By Max Clarke

China has topped a list of countries considered most important to industrial manufacturers for economic growth, according to a new report by PwC.

The findings are from PwC’s Growth Reimagined: Industrial Manufacturing Survey (IM), a sector cut of the 14th PwC Global CEO Survey launched earlier this year. Over 1,200 business leaders and manufacturers from 69 countries took part in the initial survey (including 76 industrial manufacturers across 30 countries).

When asked by PwC, which countries do you consider most important for growth over the next three years, China scored top with 58%, followed by India with 32%, then USA, Brazil, Germany, Russia and UK with 8%. The list featured 59 countries and 27 scored zero.

Customer demand, uncertainty over economic growth and concerns over a rapidly shrinking talent pool are the top three concerns of business leaders.

Looking ahead, emerging markets will be a key source for new talent pools, the report says, although emerging markets will still play a big part. Graeme Billings, Global Industrial Products Leader at PwC, said:

“The war for talent is particularly acute in rapidly emerging markets. Many businesses are therefore stepping up the overseas deployment of key employees. The number of international assignments among multinationals has increased 25% over the past decade, and PwC predicts that will grow by another 50% over the next 10 years.”

As the world economy is still recovering from the worst economic crisis in 75 years, leaders polled expect recovery to come out of emerging markets of Latin America and Asia — particularly China. Other trends in the IM report show that manufacturers are directing more focus towards customers and on innovation opportunities as part of their growth plans. In addition, 43% of industrial manufacturers are increasing their commitment to innovation and safeguarding intellectual property compared to just 33% of CEOs in the overall sample.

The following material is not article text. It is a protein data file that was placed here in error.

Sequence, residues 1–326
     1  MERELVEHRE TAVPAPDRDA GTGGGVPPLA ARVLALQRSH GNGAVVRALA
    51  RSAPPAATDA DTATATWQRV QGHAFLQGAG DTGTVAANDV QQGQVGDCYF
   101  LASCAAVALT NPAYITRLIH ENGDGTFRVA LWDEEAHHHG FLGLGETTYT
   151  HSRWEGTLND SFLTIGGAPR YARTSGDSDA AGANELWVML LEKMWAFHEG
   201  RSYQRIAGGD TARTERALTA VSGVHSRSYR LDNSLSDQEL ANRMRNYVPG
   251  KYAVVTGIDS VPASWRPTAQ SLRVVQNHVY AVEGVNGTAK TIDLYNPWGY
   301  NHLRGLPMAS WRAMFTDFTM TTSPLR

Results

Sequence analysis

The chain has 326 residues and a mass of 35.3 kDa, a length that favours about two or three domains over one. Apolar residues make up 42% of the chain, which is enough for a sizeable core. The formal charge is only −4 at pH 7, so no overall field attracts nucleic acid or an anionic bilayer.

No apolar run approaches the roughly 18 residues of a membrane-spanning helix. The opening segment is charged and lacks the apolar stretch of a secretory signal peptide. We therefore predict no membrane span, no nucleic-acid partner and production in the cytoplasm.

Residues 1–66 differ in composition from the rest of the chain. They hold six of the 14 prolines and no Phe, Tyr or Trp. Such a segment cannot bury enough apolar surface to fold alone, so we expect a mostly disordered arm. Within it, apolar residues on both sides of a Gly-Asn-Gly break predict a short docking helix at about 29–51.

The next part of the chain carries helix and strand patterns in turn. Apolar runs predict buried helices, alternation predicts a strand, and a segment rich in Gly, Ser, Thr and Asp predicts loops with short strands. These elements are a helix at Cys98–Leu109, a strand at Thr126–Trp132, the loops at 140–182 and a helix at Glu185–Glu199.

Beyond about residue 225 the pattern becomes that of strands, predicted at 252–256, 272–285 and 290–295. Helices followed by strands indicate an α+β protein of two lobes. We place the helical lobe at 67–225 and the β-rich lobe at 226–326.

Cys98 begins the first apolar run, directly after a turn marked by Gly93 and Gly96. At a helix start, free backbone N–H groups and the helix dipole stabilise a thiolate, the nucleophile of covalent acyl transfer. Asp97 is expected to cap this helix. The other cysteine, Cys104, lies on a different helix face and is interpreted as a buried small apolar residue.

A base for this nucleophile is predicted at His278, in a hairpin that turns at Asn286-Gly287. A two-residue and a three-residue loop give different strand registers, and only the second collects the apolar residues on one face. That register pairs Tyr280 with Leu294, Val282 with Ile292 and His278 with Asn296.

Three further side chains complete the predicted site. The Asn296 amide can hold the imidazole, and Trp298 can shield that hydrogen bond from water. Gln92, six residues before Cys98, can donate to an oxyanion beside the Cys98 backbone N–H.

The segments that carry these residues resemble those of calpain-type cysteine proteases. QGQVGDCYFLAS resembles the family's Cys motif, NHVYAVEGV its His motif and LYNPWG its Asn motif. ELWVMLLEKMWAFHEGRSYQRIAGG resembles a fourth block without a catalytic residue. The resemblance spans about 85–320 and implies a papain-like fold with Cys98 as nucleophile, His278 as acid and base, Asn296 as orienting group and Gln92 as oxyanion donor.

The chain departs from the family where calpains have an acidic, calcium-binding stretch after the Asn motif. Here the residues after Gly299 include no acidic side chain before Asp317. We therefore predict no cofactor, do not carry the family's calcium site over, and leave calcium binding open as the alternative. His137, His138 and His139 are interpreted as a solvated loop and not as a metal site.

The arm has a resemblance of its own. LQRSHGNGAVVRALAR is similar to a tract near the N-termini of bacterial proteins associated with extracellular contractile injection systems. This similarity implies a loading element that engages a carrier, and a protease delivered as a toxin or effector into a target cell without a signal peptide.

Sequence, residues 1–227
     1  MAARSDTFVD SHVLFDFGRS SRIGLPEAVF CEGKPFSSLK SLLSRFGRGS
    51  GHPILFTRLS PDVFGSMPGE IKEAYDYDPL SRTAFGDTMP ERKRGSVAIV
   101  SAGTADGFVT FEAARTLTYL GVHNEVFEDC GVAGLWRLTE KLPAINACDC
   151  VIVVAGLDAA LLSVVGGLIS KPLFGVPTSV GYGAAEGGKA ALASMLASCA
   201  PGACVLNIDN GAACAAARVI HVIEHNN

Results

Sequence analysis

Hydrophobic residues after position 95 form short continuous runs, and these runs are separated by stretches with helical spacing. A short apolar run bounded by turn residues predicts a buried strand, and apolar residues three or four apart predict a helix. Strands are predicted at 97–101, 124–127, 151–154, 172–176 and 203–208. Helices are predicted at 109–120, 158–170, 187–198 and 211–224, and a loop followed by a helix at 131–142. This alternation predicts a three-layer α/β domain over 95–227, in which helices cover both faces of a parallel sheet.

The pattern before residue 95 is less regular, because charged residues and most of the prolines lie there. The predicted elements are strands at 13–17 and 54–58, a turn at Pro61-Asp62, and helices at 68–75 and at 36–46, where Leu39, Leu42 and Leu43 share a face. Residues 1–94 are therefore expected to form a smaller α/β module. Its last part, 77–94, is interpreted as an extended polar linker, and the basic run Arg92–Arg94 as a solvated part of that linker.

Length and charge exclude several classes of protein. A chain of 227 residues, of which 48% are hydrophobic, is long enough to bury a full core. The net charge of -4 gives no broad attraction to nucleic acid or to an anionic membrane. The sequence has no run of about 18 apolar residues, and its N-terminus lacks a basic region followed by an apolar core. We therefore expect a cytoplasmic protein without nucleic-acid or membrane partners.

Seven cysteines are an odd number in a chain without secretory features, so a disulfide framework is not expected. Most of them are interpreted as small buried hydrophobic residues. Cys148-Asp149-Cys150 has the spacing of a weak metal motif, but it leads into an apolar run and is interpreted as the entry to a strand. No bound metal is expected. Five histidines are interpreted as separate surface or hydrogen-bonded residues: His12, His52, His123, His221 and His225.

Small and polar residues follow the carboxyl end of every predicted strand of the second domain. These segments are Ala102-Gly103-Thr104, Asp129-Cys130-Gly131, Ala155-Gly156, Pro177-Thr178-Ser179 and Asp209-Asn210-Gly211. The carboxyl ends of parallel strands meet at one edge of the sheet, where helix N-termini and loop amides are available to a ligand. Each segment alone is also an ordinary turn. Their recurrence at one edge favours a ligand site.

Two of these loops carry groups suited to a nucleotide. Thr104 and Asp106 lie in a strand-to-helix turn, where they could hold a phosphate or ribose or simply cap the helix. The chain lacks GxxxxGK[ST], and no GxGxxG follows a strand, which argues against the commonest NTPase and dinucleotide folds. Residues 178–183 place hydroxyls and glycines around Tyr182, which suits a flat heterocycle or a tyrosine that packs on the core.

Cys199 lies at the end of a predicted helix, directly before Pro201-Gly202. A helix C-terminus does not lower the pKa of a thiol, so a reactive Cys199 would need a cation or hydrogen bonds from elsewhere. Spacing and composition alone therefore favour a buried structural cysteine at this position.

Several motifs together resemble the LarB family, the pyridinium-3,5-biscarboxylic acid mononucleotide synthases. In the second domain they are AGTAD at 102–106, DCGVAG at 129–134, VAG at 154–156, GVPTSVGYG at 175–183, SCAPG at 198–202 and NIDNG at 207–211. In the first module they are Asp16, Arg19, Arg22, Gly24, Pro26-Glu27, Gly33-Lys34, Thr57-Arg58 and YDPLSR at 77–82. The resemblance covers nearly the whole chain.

When asked about innovation, 70% of the 76 manufacturing leaders said environmentally produced products would be an important part of their strategy, and 56% do not believe government assistance will play any part in boosting their innovation output.

The IM report is being launched with a sister paper, Customer Collaboration Designs Excellence, which is the second in PwC’s Manufacturing Excellence Series (MX), and uses case studies to highlight how firms are collaborating to achieve better relationships and revenue, one of the elements highlighted in the IM CEO report.

Global case studies in the report include Emerson Electric, GE, Vestas and Keenan System, a dairy feed company based in Ireland. Gardner Denver, a global manufacturer of industrial compressors, pumps and fuel systems, recognised that their solar panel manufacturers had an issue with its pumping technology. After listening to concerns they successfully revised their product.

Ireland’s Keenan System, is aiming to break into the world dairy market and has its ear to the ground, listening to what consumers want. Their technology, in some instances, is improving feed efficiency by up to 20%, the report states.

Increasing collaboration with customers, PwC says, could go a long way to supporting the success of companies. Those that don’t could face loss of market share, more difficult routes to market and challenges in retaining business.